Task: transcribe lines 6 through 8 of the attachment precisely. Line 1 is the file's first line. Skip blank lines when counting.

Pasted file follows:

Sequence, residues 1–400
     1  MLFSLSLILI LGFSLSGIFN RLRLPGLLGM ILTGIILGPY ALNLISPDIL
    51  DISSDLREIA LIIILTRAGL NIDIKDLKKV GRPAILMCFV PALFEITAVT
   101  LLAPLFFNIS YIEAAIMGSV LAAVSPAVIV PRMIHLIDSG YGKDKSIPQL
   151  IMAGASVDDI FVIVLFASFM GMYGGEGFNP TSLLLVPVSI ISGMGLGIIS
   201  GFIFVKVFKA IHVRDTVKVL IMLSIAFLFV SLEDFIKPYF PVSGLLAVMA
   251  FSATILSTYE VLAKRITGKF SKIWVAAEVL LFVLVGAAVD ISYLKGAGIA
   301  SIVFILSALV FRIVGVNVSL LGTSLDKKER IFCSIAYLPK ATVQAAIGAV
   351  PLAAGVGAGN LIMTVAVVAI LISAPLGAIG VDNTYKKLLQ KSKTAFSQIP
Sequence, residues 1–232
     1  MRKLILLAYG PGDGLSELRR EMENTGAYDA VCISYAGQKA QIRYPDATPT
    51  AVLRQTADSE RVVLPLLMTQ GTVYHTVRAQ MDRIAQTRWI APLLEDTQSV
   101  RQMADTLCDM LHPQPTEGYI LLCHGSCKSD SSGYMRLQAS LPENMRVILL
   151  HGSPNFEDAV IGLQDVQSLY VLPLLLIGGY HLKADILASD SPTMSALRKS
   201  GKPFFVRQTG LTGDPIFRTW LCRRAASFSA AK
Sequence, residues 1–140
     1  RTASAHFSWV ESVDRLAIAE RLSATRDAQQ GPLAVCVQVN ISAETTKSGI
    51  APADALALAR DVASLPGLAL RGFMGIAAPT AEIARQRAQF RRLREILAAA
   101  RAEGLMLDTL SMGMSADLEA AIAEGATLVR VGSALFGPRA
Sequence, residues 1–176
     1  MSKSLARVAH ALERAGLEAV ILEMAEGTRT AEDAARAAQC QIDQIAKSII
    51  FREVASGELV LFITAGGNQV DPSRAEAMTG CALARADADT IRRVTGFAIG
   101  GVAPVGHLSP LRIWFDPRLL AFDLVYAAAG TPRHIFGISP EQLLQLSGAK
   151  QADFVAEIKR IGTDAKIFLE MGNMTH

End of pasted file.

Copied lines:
   201  GFIFVKVFKA IHVRDTVKVL IMLSIAFLFV SLEDFIKPYF PVSGLLAVMA
   251  FSATILSTYE VLAKRITGKF SKIWVAAEVL LFVLVGAAVD ISYLKGAGIA
   301  SIVFILSALV FRIVGVNVSL LGTSLDKKER IFCSIAYLPK ATVQAAIGAV